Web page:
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KPMG Survey: Senior Execs Don’t See ‘Fiscal Cliff’ Agreement by Year-End

December 17, 2012, 07:05 AM
Filed Under: Regulatory News
Related: KPMG

Almost half of senior executives polled said they did not expect an agreement on the so-called “fiscal cliff” negotiations by year-end, according to a survey of more than 2,500 business leaders conducted by KPMG’s Tax Governance Institute (TGI) earlier this month. 

In the survey, 48 percent of respondents said they did not expect an agreement on the “fiscal cliff” by Dec. 31, while 32 percent said that they thought there would be resolution by the year-end. Some 19 percent were not sure.
At the same time, a vast majority of respondents (77 percent) are also on the lookout for a temporary “stop gap” measure on the looming issue which -- if left unresolved -- would result in a combination of tax increases and forced spending cuts on Jan. 1.  

KPMG’s Hank Gutman, principal and director of the TGI and former chief of staff of the U.S. Congressional Joint Committee on Taxation, said: “It’s clear from our survey findings that the business community doesn’t think the government will be able to resolve the ‘fiscal cliff’ by Dec. 31.  Prudent companies are taking steps now to assess the potential implications.”

In any agreement, 55 percent of respondents said they would like to see a combination of government spending cuts and tax rate increases on higher-income individuals, while 32 percent said they would most like to see cuts in government spending, including entitlement programs.
Some 54 percent of respondents expect any agreement to include the extension of the 2001/2003 tax rates for those with income below $250,000, but not for taxpayers with income of $250,000 and above; 22 percent said there would be agreement on a plan that would temporarily extend all current tax rules.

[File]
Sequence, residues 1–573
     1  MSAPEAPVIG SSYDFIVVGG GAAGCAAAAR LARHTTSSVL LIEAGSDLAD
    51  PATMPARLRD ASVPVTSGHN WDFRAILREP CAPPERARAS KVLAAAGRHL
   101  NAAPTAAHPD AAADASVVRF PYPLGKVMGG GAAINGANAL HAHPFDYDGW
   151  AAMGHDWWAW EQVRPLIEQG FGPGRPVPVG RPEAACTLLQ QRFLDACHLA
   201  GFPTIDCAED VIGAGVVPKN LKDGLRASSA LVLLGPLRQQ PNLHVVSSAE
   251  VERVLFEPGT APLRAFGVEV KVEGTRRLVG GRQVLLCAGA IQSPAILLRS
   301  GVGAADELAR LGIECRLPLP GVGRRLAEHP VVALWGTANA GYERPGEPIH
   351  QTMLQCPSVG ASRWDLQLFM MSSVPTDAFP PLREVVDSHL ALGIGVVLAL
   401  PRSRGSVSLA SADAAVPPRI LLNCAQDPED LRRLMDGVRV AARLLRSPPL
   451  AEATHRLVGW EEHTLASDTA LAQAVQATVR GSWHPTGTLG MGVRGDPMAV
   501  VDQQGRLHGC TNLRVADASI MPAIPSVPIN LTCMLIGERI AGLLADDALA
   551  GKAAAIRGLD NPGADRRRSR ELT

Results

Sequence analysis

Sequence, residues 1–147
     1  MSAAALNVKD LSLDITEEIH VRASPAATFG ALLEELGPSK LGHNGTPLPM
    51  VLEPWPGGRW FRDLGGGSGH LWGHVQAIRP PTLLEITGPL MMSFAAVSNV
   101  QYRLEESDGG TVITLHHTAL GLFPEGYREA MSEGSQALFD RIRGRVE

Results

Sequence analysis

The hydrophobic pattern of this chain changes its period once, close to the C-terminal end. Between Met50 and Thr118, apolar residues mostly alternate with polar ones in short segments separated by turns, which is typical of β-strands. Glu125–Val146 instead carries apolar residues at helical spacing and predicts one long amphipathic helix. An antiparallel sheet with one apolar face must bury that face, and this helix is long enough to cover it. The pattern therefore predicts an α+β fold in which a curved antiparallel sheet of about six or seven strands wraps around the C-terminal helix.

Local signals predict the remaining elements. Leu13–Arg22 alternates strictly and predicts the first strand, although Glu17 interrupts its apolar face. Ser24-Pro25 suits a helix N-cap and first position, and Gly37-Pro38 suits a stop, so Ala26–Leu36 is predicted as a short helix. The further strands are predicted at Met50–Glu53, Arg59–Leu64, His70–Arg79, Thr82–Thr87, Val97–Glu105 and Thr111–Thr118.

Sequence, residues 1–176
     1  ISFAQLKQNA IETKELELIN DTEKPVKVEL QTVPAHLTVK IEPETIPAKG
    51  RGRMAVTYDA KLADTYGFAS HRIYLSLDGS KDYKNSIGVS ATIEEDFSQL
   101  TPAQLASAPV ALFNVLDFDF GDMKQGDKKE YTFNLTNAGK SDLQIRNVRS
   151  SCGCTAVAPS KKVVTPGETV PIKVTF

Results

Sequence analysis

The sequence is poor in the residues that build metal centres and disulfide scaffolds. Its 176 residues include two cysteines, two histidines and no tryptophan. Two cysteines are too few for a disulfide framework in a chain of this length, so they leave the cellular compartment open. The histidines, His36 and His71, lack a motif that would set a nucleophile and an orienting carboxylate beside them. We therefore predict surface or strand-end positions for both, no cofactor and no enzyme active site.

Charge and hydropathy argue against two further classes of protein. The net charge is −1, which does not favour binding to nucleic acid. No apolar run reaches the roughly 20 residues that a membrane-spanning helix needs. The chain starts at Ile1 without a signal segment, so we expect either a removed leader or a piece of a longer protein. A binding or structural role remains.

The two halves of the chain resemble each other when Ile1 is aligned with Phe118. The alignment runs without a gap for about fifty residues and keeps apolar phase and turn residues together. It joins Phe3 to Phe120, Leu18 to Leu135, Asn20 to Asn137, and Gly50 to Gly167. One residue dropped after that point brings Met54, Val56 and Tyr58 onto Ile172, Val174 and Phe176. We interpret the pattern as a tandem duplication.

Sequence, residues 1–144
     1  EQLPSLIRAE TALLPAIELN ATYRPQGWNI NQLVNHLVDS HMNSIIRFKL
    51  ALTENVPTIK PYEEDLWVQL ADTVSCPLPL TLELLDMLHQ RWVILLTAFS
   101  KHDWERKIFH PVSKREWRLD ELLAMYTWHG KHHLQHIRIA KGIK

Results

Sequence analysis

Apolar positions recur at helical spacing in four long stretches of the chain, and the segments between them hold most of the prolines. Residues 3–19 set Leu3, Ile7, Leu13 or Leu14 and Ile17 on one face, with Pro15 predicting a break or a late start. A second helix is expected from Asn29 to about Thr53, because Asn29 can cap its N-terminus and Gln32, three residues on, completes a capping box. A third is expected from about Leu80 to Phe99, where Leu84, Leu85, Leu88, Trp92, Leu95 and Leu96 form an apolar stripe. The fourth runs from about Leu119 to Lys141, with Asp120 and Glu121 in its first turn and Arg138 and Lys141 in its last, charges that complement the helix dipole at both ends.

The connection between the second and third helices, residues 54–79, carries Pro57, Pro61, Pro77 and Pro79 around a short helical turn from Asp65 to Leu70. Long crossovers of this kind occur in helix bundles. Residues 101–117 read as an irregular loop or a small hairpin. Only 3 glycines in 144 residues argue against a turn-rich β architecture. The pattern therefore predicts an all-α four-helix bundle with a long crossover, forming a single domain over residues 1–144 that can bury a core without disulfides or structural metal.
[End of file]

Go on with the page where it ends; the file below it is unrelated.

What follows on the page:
In addition, the survey revealed that 33 percent said they do not expect enactment of any business tax reforms until beyond 2015; some 26 percent said they expect reform in 2014. Only 11 percent said they expect business tax reform in 2013. 

If the corporate tax rate is reduced, most respondents (38 percent) predicted that the new rate would be 28-29 percent, while a quarter of respondents (26 percent) said they see the rate falling to 30-31 percent. Eighteen percent said the rate would go to 25-27 percent.

“Lowering the corporate tax rate from its current 35 percent to 25 percent in a revenue-neutral manner will not be easy,” Gutman said.  “The cost of reducing the rate is going to have to be offset in some way, and that offset is likely going to come out of the business community,” Gutman said.

In other survey findings, all focused on U.S. economic recovery:

  • Some 40 percent of respondents believe the “fiscal cliff” has been a significant issue over the past 12 months with regard to economic recovery in the United States.
  • Forty-nine percent feel hiring by U.S. businesses will be the most important driver of any economic recovery over the next 12 months.
  • 45 percent feel increased certainty on U.S. taxation for individuals and businesses will have the most significant affect on economic recovery in 2013.

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